• Supportive treatments for the DRESS rashes may include:
  • Dressings.
  • Emollients- Moistouring creams.
  • Oral antihistamines.
  • Tropical corticosteroids.
  • Fluid, electrolytes, and calorie intake.
Additional treatments:
  • Intravenous immunoglobulin.
  • Plasmapheresis.
  • Immunomodulatory drugs, such as:
  • Cyclophosphamide.
  • Mycophenolate.
  • Rituximab.
Antibiotics; for secondary infections.

DRESS Syndrome Prognosis

Most patients fully recover from DRESS within some weeks or months. However, relapses after initial recovery are expected. In addition, recovering patients are thought to be at risk of developing autoimmune diseases.  Autoimmune disorders, in general, cannot be cured, but the condition can be controlled in many cases. Corticosteroids, anti-inflammatory, and immunosuppressant drugs have proven to help this direction.



The signs that indicate the existence of drug rash with eosinophilia and systematic symptoms (DRESS) usually develop after several days (within 2 to 8 weeks). 

DRESS symptoms are broad-ranged, and they include:

  • High fever of 38°C to 40°C.
  • Widespread skin rashes (DRESS syndrome rash is mainly the first indication of the reaction).
  • Facial swelling.
  • Kidney injury.
  • Liver injury.
  • Enlarged lymph nodes.
  • Abnormal blood cell levels (eosinophils).
  • Heart inflammation (myocarditis or pericarditis).
  • Chest pain.
  • Shortened breath.
  • Pneumonia.
  • Headache.
  • Seizures.
  • Bleeding.
  • Dehydration.
  • Diabetes.
  • Eye problems.
  • Bleeding.



DRESS syndrome is a delayed T cell-mediated reaction. Tissue damage is caused by cytotoxic T cells and cytokine releases. However, in some cases, causative causes are associated with genetics.


DRESS syndrome drugs include:


  • Carbamazepine.
  • Lamotrigine.
  • Phenobarbital.
  • Phenytoin.
  • Oxcarbazepine.
  • Gabapentin.
  • Primidone.


  • Ethambutol.
  • Isoniazid.
  • Pyrazinamide.
  • Rifampin.


  • Amoxicillin.
  • Ampicillin.
  • Azithromycin.
  • Minocycline.
  • Levofloxacin.
  • Piperacillin-tazobactam combination.
  • Streptomycin.
  • Vancomycin.

Anti-hepatitis C:

  • Boceprevir.
  • Telaprevir.


  • Abacavir.
  • Nevirapine.


  • Acetaminophen.
  • Ibuprofen.
  • Diclofenac.
  • Celecoxib.

Anticancer drugs:

  • Sorafenib.
  • Imatinib.
  • Vismodegib.
  • Vemurafenib.

Sulfa drugs:

  • Dapsone.
  • Sulfamethoxazole-trimethoprim combination.
  • Sulfasalazine.

Gout treatment; Allopurinol.

Heart arrhythmias treatment; Mexiletine.

Gastroesophageal reflux treatment; Omeprazole.

Chinese herbal medicines.


Carbamazepine: Related to people who express the HLA serotype.

  • HLA-A31:01
  • HLA-A11
  • HLA-B51

Phenytoin: Related to individuals with the following serotypes:

  • HLA-B13:01
  • HLA-B51:01
  • HLA-B15:02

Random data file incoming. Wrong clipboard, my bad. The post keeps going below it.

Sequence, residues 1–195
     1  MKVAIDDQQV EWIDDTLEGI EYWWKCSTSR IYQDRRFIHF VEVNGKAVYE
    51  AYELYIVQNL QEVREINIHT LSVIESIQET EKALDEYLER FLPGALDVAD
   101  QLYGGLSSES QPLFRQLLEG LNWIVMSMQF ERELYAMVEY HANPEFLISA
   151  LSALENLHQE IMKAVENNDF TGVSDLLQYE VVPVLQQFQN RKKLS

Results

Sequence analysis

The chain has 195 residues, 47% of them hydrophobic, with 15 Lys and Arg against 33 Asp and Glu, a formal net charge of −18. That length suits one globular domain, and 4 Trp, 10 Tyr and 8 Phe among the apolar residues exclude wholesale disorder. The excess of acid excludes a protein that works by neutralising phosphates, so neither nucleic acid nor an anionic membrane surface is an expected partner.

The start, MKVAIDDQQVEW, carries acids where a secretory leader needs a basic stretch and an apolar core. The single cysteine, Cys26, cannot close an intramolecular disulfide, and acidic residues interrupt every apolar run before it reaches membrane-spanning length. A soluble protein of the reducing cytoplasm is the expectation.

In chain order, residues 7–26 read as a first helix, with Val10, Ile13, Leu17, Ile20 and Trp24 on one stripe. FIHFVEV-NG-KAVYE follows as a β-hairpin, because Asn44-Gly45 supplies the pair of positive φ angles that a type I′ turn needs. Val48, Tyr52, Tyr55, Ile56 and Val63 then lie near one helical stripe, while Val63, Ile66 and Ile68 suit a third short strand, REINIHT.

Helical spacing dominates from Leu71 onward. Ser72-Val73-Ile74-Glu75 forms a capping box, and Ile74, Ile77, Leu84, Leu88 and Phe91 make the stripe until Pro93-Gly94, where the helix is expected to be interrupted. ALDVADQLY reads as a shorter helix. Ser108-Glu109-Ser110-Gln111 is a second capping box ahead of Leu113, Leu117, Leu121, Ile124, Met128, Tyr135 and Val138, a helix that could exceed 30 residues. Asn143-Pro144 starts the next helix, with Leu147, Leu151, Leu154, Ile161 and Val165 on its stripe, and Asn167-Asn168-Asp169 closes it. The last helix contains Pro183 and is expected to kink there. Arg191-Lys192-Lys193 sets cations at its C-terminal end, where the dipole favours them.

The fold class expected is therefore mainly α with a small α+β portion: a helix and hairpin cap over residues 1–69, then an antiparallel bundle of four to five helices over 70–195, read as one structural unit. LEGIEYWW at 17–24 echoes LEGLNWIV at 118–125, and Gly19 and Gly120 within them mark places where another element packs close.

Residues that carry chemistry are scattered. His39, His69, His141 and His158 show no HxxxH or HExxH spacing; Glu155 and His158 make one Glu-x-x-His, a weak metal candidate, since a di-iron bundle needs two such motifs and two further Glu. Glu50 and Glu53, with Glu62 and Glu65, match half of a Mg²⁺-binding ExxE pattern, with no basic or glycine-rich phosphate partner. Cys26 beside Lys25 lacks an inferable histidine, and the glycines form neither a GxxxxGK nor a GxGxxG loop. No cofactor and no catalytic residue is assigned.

• HLA-Co*08:01
  • HLA-DRB1*16:02

Nevirapine: Associated with people who have the following serotypes:

  • HLA-DRB1:01:01
  • HLA-DRB1:01:02
  • HLA-Cw4
  • HLA-B35
  • HLA-CO4

Abacavir: For people expressing serotype HLA-B57:01

Dapsone: For people with serotype HLA-B13:01

Allopurinol: For individuals with serotype HLA-B58:01

Vancomycin: For individuals with serotype HLA-A*32:01


What are the symptoms of DRESS syndrome?

The drug reaction with eosinophilia and systematic symptoms (DRESS) is a drug hypersensitivity reaction that has a range of systematic signs and symptoms, including skin rash, fever, liver, heart, and lung inflammation, as well as lymphadenopathy. 

Others include facial swelling, abnormal level of blood cells, short breath, pains in the chest, headache, pneumonia, and seizures.

  • What medications cause DRESS syndrome?

Medicines most commonly associated with DRESS syndrome are anticonvulsants, antibiotics (especially beta-lactams), antibacterial drugs, anti-tubercular, anti-inflammatory drugs, anti-hepatitis C, anticancer drugs, gout treatment, heart arrhythmia treatment, etc.

  • What is the treatment for DRESS syndrome?

The treatment of drug rash with eosinophilia and systematic symptoms (DRESS) includes stopping the causative drug you are allergic to, as well as supportive care. Steroids are often used for treatment as well. 

Additional treatments include Intravenous immunoglobulin, plasmapheresis, mycophenolate, fluids, electrolytes (for hydration), and antibiotics (for secondary infections).

  • How do you know if you are allergic to a medication?

The signs and symptoms of drug allergies include skin rashes, hives, itching, fever, swelling, wheezing, breath shortness, and runny nose.

  • Is DRESS syndrome severe?

Drug rash with eosinophilia and systematic symptoms (DRESS), also medically known as drug-induced hypersensitivity syndrome, is an adverse drug reaction that can result in severe consequences (such as death). 

  Complications include kidney dysfunction, liver failure, pneumonia, acute respiratory distress syndrome, seizures, and coma. Approximately 8 in every 100 persons have DRESS syndrome.



  1. https://www.ncbi.nlm.nih.gov/pmc/articles/PMC5486066/
  2. https://www.painscale.com/article/what-is-drug-induced-hypersensitivity-syndrome
  3. Silber IB, Epstein JW. The treatment of chorea with phenyl ethyl hydantoin: A study of 28 cases. Arch Pediatr 1934;51:373-82.
  4. T. Shiohara, M. Inaoka, and Y. Kano, “Drug-induced hypersensitivity syndrome (DIHS): a reaction induced by a complex interplay among herpesviruses and antiviral and antidrug immune responses,” Allergology International, vol. 55, no. 1, pp. 1–8, 2006
  5. H. Watanabe, “Hypersensitivity syndrome due to trichloroethylene exposure: a severe generalized skin reaction resembling drug-induced hypersensitivity syndrome,” The Journal of Dermatology, vol. 38, no. 3, pp. 229–235, 2011.